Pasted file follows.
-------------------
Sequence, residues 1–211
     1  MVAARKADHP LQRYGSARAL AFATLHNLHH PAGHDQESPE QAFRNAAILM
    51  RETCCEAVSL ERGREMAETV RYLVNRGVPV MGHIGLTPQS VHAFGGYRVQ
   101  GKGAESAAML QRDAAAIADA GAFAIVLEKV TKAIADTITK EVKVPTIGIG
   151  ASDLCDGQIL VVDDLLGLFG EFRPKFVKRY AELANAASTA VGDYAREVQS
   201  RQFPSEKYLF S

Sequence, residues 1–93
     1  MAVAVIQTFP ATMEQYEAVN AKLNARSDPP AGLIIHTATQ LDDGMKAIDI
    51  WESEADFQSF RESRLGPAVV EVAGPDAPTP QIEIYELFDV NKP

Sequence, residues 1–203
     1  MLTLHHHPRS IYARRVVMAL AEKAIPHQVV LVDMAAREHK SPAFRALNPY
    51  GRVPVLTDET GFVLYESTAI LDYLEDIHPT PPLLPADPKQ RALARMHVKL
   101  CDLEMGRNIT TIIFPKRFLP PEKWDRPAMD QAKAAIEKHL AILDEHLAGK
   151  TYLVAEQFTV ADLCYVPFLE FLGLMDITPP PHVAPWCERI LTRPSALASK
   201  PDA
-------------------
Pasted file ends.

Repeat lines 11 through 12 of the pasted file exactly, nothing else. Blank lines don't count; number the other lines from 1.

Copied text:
     1  MLTLHHHPRS IYARRVVMAL AEKAIPHQVV LVDMAAREHK SPAFRALNPY
    51  GRVPVLTDET GFVLYESTAI LDYLEDIHPT PPLLPADPKQ RALARMHVKL